Local farmers planted about the same acreage for corn and cotton – 1,300 each.
Corn prices are up about $1 from last September or $7.35 per bushel while the price for cotton is 72 cents per pound, down 21 cents from 2011.
Cotton is now being harvested and farmers hope for 800 pounds per acre. This prediction can change once it is gathered from the fields.
Ricky Ensley, Extension Coordinator, said corn production this year averages about 20 bushels from last year or 80 bushels an acre.
“Corn did suffer due to drought,” he said. “Rainfall was sparse when the crop was developing (June-July).”
Hay production is down for cattlemen producing forage for animals. Cuttings dropped from 3 to 2 due to the lack of rainfall.
In addition to corn and cotton, local farmers planted 1,800 acres of soybeans, 1,400 acres of wheat and 7,000 acres of hay land.
Due to a price increase, 800 more acres were planted in soybeans this year compared to 2011. In September, soybeans were listed at $16.30 a bushel, up $4.10 from the past year.
Wheat prices increased about 95 cents per bushel and Polk farmers planted 600 more acres compared to 2011.
Meanwhile, the National Agricultural Statistics Service (NASS), Agricultural Statistics Board, United States Department of Agriculture (USDA) reports the following:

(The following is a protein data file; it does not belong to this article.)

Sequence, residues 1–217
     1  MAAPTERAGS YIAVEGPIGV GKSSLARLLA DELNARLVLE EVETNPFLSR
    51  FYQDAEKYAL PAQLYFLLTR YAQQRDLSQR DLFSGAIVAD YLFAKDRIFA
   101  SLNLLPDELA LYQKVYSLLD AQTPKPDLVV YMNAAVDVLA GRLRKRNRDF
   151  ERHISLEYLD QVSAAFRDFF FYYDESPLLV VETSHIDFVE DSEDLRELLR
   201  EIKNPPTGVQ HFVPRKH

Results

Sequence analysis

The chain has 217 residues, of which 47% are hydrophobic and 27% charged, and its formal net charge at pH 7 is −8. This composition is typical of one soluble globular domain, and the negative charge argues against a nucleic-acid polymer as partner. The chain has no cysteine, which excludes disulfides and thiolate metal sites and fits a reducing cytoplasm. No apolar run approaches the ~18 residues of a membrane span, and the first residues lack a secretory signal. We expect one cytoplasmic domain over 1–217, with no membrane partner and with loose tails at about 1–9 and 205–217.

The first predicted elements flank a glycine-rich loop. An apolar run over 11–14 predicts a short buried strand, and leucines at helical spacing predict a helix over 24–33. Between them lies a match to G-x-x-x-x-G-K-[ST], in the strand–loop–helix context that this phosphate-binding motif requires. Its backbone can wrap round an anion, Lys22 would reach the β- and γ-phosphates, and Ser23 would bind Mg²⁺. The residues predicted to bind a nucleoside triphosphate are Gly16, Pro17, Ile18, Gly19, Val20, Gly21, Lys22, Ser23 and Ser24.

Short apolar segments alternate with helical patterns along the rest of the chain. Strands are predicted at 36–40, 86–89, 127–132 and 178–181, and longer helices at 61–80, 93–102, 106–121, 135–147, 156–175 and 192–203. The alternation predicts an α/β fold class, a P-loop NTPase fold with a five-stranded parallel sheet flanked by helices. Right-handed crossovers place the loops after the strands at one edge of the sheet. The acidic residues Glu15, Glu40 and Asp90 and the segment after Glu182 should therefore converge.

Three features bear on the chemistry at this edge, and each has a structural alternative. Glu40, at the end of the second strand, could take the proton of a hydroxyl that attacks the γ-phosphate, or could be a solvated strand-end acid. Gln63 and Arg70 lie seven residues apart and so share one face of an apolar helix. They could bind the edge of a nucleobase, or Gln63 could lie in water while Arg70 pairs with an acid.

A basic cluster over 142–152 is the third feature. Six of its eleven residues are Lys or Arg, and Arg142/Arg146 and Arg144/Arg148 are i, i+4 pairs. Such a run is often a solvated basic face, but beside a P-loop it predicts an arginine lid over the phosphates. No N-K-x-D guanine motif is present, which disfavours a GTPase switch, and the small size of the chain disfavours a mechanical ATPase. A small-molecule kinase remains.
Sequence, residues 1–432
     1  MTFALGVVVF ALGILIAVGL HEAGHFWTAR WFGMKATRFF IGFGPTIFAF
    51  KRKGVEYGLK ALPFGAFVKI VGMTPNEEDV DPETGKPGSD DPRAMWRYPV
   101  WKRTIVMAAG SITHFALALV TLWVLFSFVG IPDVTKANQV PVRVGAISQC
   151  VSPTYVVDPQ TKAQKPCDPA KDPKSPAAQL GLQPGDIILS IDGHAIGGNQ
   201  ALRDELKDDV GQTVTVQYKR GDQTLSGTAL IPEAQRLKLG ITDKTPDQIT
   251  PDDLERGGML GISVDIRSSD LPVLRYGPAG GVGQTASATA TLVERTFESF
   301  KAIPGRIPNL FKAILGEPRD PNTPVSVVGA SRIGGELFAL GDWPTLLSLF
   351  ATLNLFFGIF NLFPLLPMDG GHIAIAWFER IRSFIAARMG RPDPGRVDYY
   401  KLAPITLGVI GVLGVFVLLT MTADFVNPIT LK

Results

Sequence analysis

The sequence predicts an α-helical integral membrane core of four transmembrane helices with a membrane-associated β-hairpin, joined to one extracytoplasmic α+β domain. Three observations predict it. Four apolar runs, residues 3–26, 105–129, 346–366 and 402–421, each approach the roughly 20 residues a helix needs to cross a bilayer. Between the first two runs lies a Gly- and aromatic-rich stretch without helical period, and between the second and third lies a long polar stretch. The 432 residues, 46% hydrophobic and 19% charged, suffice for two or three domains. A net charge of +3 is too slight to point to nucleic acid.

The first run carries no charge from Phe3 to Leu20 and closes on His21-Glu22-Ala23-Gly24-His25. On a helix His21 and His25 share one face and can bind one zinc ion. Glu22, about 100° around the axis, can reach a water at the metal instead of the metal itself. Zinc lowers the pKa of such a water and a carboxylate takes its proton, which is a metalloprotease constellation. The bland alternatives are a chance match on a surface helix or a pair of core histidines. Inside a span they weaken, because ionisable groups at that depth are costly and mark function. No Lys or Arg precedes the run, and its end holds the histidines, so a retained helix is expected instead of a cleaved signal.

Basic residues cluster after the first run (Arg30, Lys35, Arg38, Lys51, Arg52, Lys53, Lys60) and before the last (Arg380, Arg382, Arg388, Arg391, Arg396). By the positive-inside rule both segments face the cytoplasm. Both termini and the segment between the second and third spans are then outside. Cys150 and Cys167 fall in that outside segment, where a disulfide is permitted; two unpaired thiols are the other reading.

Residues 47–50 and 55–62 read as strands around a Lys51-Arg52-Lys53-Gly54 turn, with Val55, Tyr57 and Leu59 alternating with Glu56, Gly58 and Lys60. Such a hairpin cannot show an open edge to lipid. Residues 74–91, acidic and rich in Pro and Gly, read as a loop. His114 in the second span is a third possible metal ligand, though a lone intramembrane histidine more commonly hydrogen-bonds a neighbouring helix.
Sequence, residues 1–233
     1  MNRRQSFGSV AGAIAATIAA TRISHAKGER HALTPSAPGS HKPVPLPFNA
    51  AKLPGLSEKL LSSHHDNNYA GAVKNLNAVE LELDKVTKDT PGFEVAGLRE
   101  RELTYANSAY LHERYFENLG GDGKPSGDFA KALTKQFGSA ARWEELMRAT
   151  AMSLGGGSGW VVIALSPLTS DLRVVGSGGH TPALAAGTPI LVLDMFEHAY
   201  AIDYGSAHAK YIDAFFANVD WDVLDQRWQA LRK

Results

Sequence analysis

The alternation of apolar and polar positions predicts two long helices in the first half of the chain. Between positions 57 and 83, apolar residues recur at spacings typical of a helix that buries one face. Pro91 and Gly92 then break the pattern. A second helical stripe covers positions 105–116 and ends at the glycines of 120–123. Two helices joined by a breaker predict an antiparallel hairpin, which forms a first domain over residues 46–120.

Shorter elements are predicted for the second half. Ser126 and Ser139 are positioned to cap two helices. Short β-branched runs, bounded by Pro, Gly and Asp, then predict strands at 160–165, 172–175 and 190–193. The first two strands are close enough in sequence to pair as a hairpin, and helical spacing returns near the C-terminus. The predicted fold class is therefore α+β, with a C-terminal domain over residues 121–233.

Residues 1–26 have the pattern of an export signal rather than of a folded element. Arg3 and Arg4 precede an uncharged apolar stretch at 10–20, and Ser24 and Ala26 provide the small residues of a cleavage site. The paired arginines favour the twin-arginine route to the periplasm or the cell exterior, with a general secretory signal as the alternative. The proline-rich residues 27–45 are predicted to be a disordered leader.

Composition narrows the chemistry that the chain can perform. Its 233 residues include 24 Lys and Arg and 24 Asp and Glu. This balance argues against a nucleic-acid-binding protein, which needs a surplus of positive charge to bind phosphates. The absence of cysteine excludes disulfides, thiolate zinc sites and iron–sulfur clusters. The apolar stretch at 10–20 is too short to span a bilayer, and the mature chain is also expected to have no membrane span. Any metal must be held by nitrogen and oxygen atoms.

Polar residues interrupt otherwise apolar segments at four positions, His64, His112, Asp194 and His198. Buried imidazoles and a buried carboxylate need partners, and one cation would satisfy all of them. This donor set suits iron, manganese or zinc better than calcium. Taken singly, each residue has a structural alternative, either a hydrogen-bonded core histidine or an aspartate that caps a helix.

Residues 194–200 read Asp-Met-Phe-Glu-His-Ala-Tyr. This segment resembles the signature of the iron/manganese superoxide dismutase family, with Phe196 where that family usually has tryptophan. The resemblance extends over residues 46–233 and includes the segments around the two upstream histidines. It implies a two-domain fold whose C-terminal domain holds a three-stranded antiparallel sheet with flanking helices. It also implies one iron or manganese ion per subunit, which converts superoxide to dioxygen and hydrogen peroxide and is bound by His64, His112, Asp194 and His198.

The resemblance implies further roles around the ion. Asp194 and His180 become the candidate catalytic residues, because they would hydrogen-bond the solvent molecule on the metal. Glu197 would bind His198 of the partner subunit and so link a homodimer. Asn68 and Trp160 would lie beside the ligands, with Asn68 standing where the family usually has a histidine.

Corn production is forecast at 10.7 billion bushels, down 13 percent from 2011. This represents the lowest production in the United States since 2006. Based on conditions as of October 1, yields are expected to average 122.0 bushels per acre or 25.2 bushels below the 2011 average.
Soybean production is forecast at 2.86 billion bushels, up 9 percent from September but down 8 percent from last year.
Based on October 1 conditions, yields are expected to average 37.8 bushels per acre, up 2.5 bushels from last month but down 4.1 bushels from last year. Compared with last month, yield forecasts are higher or unchanged across all States.
All cotton production is forecast at 17.3 million 480-pound bales, up 1 percent from last month and up 11 percent from last year. Yield is expected to average 795 pounds per acre, up 5 pounds from last year. Upland cotton production is forecast at 16.6 million 480-pound bales, up 13 percent from 2011.
In Polk, Ensley said the number of row crop farmers has dropped during the past few decades. Younger people with smaller acreage — 3 to 5 acres — are shifting to fruits and vegetables. He said this trend is due to consumers, who seek fresh produce at local markets.
More people are also giving attention to raising goats or sheep. Ethnic groups are credited with this growing trend.
And, interest in beekeeping has increased during the past year as more individuals see it as a way to add to the family income after retirement.
Although the crop report appears favorable, farmers still have financial challenges due to pests and cost of fuel.
In 2012, the kudzu bug invaded local soybean fields. This is not the only pest that wants a home in Polk. There are others but no boll weevils have been reported.
The cost of fuel has also brought changes in the way farmers till their land, according to Ensley.
“They don’t spend as much time on the tractor going across the field,” he said. “This is due to more efficient use of equipment and fuel.”